It would probably be relatively easy to count up the number of days in the year that are palindromes. And a good computer programmer might be able to write a program to answer the question faster than most people could count it up manually. Consider these as exercises for the reader. 🙂
This leads to a more general question: For any given number (in this case 365), how many palindromes are there in the numbers counting up to that number?
And that leads to other questions. For example, how quickly do palindrome numbers increase? Is the palindrome number of 1000 ten times larger than the palindrome number of 100?
These may seem like crazy questions. But you never know with math. Every once in a while, asking seemingly crazy mathematical questions leads to the discovery of something surprising and wonderful about the nature of the Universe.
I am writing this on a train heading to Newark airport to pick up a friend. Actually, I am dictating this on my Android phone.
When I am on a flight, I don’t really think about the fact that I am hurtling around the Earth at some incredible speed. The distances involved are simply too great for my poor human brain to encompass.
But on a train, I can actually see the trees and buildings and roads go by. I remain acutely aware that at every moment I am at a different location.
In my mind, I imagine the words in this blog post spilling out behind me. Together they form a trail that marks the precise location where each moment of thought occurred.
We are all leaving such trails behind us throughout our days, aren’t we? The stories of our lives spool out endlessly as interlocking trails, forming loops and knots and intricate patterns which tie us all together upon this Earth.
There are certain songs that I avoid listening to because they remind me of particularly painful breakups in my life. I don’t have this reaction to movies or books or paintings or poems or pretty much anything else.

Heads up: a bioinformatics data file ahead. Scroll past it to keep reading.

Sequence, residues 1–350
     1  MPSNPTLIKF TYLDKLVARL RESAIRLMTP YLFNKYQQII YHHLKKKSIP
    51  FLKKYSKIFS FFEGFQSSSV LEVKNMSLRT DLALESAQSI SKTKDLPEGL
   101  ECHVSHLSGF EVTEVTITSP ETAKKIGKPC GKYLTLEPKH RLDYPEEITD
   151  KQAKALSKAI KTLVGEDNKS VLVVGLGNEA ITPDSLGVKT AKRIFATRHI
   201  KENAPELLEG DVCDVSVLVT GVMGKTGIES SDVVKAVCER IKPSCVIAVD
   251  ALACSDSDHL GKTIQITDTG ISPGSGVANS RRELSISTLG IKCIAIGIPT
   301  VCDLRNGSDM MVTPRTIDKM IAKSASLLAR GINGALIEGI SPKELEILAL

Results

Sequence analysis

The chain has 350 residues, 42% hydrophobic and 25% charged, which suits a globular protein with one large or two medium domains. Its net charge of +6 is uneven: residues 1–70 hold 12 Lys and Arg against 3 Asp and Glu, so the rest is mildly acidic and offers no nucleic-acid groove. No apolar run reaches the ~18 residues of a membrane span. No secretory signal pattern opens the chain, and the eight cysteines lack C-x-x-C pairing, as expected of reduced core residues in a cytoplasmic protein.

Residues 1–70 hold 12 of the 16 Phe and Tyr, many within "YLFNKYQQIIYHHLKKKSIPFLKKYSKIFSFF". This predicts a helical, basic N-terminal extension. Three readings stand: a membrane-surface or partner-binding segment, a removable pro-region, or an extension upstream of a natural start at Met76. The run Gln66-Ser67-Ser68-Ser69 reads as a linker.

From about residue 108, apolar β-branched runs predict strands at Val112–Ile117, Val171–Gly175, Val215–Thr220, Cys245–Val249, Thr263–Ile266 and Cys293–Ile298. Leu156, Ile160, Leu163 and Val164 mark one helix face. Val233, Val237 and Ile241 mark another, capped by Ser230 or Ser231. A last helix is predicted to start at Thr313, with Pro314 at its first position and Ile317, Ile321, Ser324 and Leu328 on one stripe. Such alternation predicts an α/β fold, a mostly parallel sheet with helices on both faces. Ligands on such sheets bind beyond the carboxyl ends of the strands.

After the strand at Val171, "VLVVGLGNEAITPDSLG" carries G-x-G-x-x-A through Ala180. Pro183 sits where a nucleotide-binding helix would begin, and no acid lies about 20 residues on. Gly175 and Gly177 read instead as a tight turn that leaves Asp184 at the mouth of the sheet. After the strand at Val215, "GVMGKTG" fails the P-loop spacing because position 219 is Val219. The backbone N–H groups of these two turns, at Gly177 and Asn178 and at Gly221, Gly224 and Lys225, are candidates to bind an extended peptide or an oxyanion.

But songs have a unique primal power, which distinguishes them from the other arts. The right combination of words and music seems to be able to reach us at some deep emotional level, cutting through all of our defenses and speaking to us where we live.
Why are songs like that? Is this connected to some sort of evolutionary adaptation? Perhaps 200,000 years ago, in the Paleolithic era, some early human heard another human singing, and mysteriously found herself beginning to cry.
This evening the wonderful students in my graduate computer graphics class showed their final class projects. The amazing work they produced exceeded my expectations, and then some.
I am deeply inspired by what happens when you give brilliant young people the tools they need to create something new. Especially when you also realize that the best way to support them is to stand back and get out of their way.
If you are curious, and want to read a bit more about it, feel free to drop in on our Future Reality Lab blog.
As I’ve said here before, I’m always looking for apt metaphors for the future that our lab’s research is enabling. There are so many metaphors to choose from: Faerian Drama, the Holodeck, The Matrix, the Jedi Council and many others beside.